The CARES Act offered stimulus checks of $1,200 to those making less than $75,000 as single tax filers (smaller payment if the income was between $75,000 and $99,000). However, some retirees were not eligible for the coronavirus stimulus checks because their income was too high. Those retirees, however, can still qualify for the stimulus money.
Retirees can qualify for coronavirus stimulus checks
The two major income sources for most retires are Social Security benefits and investment accounts. In 2020, the maximum benefit that Social Security would provide is $45,480 in annual income, notes a report from Motley Fool. This means the retirees who didn’t qualify for the stimulus checks had a bigger investment income.
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The primary reason for a high investment income is the required minimum distribution (RMD) rule. This rule requires withdrawal of a minimum amount from tax-saving accounts such as 401(k), IRA, 403(b) after you reach a certain age (70 ½, if born prior to July 1, 1949 or 72, if born after July 1, 1949).
Such a facility is because, as per the IRS website, “You cannot keep retirement funds in your account indefinitely.”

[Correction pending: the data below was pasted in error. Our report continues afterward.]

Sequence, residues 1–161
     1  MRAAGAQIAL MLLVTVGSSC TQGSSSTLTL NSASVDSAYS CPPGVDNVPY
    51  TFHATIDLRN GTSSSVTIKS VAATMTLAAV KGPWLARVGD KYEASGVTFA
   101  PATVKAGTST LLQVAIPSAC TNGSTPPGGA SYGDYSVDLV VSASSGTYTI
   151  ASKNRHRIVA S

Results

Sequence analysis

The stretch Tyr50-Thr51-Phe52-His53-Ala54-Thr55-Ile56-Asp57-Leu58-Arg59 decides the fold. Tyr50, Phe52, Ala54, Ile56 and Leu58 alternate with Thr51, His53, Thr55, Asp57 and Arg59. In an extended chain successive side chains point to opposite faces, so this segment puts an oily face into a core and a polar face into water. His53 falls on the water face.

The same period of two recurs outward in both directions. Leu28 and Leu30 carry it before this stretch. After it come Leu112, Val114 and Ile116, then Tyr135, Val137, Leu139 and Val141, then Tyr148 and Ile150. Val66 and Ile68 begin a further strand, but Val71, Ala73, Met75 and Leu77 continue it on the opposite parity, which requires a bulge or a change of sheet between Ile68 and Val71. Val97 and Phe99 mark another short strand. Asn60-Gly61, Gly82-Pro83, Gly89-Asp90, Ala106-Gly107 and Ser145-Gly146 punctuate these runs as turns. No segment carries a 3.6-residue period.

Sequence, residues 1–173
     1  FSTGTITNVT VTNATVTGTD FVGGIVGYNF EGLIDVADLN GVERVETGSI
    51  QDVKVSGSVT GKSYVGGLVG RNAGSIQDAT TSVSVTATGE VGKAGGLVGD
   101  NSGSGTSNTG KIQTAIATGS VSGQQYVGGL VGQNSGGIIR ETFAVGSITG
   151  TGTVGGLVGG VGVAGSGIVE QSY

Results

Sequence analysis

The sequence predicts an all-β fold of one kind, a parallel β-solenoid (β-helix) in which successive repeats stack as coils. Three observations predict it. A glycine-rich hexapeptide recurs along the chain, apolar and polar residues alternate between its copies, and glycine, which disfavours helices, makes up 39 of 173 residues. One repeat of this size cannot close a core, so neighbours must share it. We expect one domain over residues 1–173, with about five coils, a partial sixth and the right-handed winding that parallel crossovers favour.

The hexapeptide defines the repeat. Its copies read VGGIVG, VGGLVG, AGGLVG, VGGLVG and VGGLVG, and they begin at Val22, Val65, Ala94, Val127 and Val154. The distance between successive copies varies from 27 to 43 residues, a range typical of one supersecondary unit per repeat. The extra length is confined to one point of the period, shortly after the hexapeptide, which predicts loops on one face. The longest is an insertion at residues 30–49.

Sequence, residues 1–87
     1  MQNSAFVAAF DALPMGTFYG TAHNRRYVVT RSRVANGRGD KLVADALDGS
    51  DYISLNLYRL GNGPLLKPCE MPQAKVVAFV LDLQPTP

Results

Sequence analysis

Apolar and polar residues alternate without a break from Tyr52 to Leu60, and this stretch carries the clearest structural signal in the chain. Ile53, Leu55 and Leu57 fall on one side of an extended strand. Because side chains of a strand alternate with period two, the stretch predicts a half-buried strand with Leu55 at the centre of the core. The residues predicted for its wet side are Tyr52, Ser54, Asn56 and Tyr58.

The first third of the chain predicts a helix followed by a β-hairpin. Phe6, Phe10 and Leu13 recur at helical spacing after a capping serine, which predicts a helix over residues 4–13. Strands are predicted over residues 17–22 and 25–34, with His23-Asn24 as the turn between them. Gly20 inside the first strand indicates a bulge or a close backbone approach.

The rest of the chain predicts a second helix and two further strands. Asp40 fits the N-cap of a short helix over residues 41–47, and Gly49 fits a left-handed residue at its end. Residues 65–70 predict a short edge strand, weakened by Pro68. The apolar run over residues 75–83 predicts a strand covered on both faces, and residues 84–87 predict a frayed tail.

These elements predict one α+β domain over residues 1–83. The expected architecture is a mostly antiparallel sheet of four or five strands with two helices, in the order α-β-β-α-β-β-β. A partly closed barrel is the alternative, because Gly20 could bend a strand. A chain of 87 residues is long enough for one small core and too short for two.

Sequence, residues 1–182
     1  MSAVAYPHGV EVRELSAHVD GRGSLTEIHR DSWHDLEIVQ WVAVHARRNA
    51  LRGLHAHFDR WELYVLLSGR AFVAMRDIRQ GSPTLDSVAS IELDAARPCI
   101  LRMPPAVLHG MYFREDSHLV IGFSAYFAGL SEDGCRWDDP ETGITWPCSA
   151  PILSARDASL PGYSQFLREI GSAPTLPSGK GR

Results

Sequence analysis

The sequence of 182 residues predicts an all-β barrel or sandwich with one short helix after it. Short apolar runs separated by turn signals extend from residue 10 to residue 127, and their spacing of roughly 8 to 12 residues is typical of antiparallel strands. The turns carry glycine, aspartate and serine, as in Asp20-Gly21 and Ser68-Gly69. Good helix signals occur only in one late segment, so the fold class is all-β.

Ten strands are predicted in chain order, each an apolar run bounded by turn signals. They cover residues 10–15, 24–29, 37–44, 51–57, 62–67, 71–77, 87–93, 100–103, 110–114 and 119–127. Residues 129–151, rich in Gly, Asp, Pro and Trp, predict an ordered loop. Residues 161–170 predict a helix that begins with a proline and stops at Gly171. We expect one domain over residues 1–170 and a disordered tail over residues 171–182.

These RMDs are part of your taxable income. For some retirees, it could prove a significant portion of their yearly taxable income. So, these RMDs played a critical role in determining your eligibility for the stimulus checks.
There is, however, good news for the retirees who did not qualify for coronavirus stimulus checks due to high RMDs. For the year 2020, the CARES Act suspended the RMDs. This means that retirees can forgo withdrawing funds from IRAs or 401(k)s in 2020.
For those who have already withdrawn funds (RMDs) this year, the IRS allows you to put it back until August 31, 2020. Both – suspending and allowing retirees to return RMDs – means the retirees have more control over their taxable income this year. They can now use this opportunity to make themselves eligible for the stimulus checks.
How can retirees meet the income cap?
Let us consider an example to understand how retirees can still qualify for coronavirus stimulus checks. Suppose a retiree has an AGI (adjusted gross income) of $105,000 in 2019. This disqualifies him from a full stimulus check as the income cap is at $75,000. However, of the retiree's total AGI, $40,000 was because of RMDs (required minimum distributions) in 2019.
Now for 2020, the retiree can forgo taking RMDs. This could bring his income to about $65,000. Or, if he needs RMDs, then he could take only a portion of RMDs so that his AGI is still less than the $75,000 income cap. In both cases, retirees will qualify for full coronavirus stimulus checks of $1,200.
You may be wondering why your 2020 tax return would help you get the stimulus check that was based on taxpayers' 2018 or 2019 taxes. This is because the stimulus checks (under the CARES Act) were an advance on a new tax credit for 2020. So, if you didn’t get the stimulus check when the IRS was sending it, you can claim it as a tax credit when you file your 2020 returns.